Cancer specialist shares her LOTR experiences

Thursday 24 October, 2013

Fran Boyle AM Warrane College UNSW

Many people may not see a link between cancer treatment and The Lord of the Rings trilogy, but leading medical oncologist Professor Fran Boyle AM believes that Tolkiens’ fiction provides a rich metaphor for the team approach needed to treat cancer effectively.

Professor Boyle explained her views when she spoke to Warrane residents about her work on 23 October, 2013.

Professor Boyle, who is Director of the Patricia Ritchie Centre for Cancer Care and Research at Mater Hospital, North Sydney, and Professor of Medical Oncology at the University of Sydney, emphasised that it takes about 15 people to treat cancer and the way that treating doctors and nurses interact with one another and the patient is critical to treatment outcomes.

She said some cancer patients feel like a football in a scrum, but a better metaphor of the relationship between those treating cancer and the patient could be seen in the third Lord of the Rings movie - The Return of the King. In it the relationship between two of the central characters, Frodo Baggins and “Sam” (Samwise Gamgee), was decisive.

Professor Boyle said one patient had told her that she was like Frodo because, she said: “I am going to win - I’m going to get rid of that cancer”. She intended to go up Mount Doom and win and the reason she was going to succeed was that she had Sam.

“The reason why Frodo made it up Mount Doom and back is that someone went with him,” Professor Boyle said. “Sam of course, for those who don’t intimately know the movie, was his gardener and he was assigned the task of accompanying Frodo. He was told ‘you go with him and don’t you leave him’ and that turned out to be a very, very difficult task, as it often is for people who are close to someone who is seriously ill.

“There are times when their behaviour deteriorates, there are times when they want to hang out with the new buddy that they met (during treatment) who understands everything about what they are going through and they don’t want their friends and family - who they see as not being able to understand - close to them.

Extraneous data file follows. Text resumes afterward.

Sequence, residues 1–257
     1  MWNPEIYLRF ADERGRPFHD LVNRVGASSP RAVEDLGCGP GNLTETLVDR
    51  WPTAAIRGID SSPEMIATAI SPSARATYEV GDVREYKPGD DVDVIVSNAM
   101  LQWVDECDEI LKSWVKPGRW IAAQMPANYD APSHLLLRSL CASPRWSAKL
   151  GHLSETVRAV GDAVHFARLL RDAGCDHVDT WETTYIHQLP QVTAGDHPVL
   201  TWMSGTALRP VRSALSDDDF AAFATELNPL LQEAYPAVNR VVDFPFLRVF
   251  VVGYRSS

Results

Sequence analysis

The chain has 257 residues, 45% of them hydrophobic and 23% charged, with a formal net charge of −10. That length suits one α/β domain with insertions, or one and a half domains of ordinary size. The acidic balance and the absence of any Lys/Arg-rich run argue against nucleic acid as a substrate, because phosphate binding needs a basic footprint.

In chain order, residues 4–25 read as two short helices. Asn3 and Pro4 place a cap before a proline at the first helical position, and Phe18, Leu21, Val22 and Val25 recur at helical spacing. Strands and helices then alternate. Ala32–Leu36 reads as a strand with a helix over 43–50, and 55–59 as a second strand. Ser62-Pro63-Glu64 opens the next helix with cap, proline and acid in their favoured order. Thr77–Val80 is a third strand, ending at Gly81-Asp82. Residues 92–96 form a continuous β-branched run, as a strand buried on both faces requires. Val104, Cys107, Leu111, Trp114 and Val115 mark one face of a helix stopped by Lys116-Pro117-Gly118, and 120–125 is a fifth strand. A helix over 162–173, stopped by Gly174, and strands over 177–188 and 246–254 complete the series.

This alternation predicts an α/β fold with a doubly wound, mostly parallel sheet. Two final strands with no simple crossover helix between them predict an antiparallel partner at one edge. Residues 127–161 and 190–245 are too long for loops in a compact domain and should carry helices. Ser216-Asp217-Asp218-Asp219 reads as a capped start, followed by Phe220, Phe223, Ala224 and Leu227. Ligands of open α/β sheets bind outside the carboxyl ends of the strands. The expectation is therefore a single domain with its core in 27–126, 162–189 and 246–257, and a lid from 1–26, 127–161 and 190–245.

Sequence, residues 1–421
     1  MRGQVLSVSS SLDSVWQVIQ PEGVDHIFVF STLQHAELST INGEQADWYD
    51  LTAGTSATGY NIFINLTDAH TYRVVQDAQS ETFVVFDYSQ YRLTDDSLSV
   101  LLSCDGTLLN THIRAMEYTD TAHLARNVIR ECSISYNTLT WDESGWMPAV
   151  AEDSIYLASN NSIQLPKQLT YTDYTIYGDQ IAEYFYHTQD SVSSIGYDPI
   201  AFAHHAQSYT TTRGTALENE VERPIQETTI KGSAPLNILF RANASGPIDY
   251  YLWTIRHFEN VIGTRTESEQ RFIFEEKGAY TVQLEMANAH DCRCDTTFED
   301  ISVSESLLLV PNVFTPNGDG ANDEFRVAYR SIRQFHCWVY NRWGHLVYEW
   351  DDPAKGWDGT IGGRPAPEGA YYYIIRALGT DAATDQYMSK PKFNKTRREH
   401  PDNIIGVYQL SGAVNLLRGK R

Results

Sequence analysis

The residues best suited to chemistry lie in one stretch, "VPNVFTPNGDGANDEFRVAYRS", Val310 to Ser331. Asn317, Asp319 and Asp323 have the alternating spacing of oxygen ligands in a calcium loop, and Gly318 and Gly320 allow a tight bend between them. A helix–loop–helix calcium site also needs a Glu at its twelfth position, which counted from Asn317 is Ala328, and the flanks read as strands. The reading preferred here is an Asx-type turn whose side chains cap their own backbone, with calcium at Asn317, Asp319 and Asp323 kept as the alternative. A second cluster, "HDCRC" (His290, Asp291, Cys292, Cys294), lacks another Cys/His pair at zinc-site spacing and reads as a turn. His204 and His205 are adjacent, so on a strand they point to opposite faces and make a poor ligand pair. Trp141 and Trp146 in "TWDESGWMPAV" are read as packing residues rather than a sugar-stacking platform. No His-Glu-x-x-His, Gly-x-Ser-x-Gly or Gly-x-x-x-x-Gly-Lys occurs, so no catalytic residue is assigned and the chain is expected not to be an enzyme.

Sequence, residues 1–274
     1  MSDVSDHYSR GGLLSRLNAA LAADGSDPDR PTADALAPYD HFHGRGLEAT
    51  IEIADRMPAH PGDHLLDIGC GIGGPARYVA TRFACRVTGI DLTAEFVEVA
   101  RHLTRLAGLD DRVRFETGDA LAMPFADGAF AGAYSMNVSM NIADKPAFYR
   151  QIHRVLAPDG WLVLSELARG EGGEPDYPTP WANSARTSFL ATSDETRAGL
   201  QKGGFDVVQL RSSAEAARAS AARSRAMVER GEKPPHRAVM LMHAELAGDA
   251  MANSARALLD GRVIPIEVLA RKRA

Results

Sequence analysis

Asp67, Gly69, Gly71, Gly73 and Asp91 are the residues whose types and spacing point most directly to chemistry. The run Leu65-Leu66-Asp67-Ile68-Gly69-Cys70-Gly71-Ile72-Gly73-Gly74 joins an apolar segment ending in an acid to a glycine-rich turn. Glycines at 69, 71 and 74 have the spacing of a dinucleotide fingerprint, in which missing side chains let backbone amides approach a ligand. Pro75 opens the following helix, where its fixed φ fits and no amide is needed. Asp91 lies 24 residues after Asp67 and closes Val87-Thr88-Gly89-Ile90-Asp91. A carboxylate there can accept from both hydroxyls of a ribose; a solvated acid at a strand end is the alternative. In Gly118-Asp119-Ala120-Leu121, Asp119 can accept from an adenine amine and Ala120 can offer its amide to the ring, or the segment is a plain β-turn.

“There are moments when people get rejected in the cancer journey, just because they are too close.

“And I thought that that gave us a different model for thinking about what really helps you when you have a serious illness and what sorts of communication as team members we needed to be thinking about.

“Frodo really wouldn’t have got very far without Sam - he was the person who did the carrying. And remember when he says: ‘I can’t carry it, but I can carry you’.”

Professor Boyle said this is what it is like looking after someone with cancer.

“You can’t take it from them, and you can’t do it for them, all you can do is to carry them,” she said.

“Sometimes it is like carrying a ball, but it has got a different kind of nuance to it, because Frodo of course has lots of choices. Frodo has free will, he has the ability to make his own decisions in the circumstances, in the way that a ball does not.”

For Sam’s part, Professor Boyle said, he did all the things that you need to do for someone who is sick.

“You have to nag them. You have to drag them. You have to take them to treatment even when they don’t want to go… You have to make them do the things they don’t feel like doing and that they are not up to.

“People with cancer, who are facing that journey and those decisions, who don’t have someone as an intimate carer in their lives, actually stop. They stop having the chemo, they stop going to the radiotherapy that is going to help them, because it is actually hard yards.

“They don’t sleep and there isn’t someone saying to them: ‘Go to sleep - you need sleep’...”

Professor Boyle said one of the important things that Sam does for Frodo is that he listens.

“He tries to cheer him up, but he also lets him bellyache. That is another great gift you can give to someone with a serious illness - just listen to them.”

Professor Boyle outlined a number of ways in which cancer teams were trained to listen and spoke of other ways in which people with serious illnesses can be helped, like celebrating milestones with them and sharing their grief.

She said that in the final analysis it was difficult to know who had played the decisive role in curing a cancer patient and concluded with a quote from another Lord of the Rings character, Gandalf:

“Saruman believes it is only great power that can hold evil in check, but that is not what I have found. I found it is the small everyday deeds of ordinary folk that keep the darkness at bay. Small acts of kindness and love.”

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